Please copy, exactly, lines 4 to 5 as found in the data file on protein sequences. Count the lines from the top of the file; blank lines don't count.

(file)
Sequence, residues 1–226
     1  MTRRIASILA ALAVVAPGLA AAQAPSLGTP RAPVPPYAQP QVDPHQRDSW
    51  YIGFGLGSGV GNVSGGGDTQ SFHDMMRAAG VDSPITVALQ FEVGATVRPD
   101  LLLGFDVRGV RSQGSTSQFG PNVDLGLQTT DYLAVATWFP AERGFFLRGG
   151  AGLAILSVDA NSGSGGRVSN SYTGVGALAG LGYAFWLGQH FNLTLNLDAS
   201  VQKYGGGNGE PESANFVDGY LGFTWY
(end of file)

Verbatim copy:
   101  LLLGFDVRGV RSQGSTSQFG PNVDLGLQTT DYLAVATWFP AERGFFLRGG
   151  AGLAILSVDA NSGSGGRVSN SYTGVGALAG LGYAFWLGQH FNLTLNLDAS